Doing Our Part
Designers, photographers, artists—all are helping raise funds for the Design Trust for Public Space
Edie Cohen -- Interior Design, 9/1/2007 12:00:00 AM
What do Willem de Kooning, Nan Goldin, Roxy Paine, Tyler Hays, and Sheila Metzner have in common? Besides talent and renown, all of them are represented in the Design Trust for Public Space's sixth annual auction. Held this year on October 22 at Milk Gallery in Chelsea, the benefit is being cochaired by Interior Design Hall of Fame member Kitty Hawks, also a member of the Design Trust's board, and editor in chief Cindy Allen.
The Design Trust might best be defined by what it is not. This from Hawks: "We're not advocates. We don't have an agenda. Nor are we antidevelopment." Instead, the nonprofit spearheads projects to improve the civic spaces of New York. Founded in 1995 by Andrea Woodner, the organization is first and foremost a forum for the meeting of design professionals and the municipal personnel who get things done. "Our goal," Woodner says, "is to give the makers of public space access to the best design thinking available." Savvy New Yorkers know all about the development of the High Line park and the quest to rethink the yellow cab—among the dozens of Design Trust credits to date. It also sponsored a study on greening the city via building guidelines.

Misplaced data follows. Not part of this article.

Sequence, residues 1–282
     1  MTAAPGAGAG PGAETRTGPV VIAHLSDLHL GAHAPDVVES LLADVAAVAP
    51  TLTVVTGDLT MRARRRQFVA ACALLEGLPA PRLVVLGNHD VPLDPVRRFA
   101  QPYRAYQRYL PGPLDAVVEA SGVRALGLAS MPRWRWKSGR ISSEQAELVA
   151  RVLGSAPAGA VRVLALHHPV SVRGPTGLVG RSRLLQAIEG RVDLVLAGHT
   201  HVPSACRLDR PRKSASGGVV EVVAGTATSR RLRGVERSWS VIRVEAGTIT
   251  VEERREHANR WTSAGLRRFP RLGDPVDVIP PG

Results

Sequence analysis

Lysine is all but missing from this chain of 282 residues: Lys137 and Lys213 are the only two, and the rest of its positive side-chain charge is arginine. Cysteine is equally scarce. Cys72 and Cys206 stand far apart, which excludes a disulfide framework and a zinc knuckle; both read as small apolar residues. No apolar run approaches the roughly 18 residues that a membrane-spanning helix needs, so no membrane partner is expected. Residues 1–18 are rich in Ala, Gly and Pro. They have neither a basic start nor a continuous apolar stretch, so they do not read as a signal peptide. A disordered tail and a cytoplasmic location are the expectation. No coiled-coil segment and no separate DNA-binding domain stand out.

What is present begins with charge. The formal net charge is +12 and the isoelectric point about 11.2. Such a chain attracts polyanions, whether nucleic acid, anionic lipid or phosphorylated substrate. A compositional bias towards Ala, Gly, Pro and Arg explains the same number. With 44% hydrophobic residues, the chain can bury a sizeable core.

Process is just as important as results. The organization doesn't generate projects, but it issues a request for proposals every year and a half. This time round, they'll address Mayor Michael Bloomberg's plan for the year 2030. After a jury selects one to three RFPs, the Design Trust assembles a team of experts—from designers to economists and ecologists—to do research and propose solutions for that particular public space, all in partnership with the appropriate city agency.
The fate of these initiatives is tied to the benefit auction, which generates one fourth of the Design Trust's annual operating budget. According to executive director Deborah Marton, this year's stellar roster of 120 pieces is expected to yield more than $250,000. So get going, going, gone.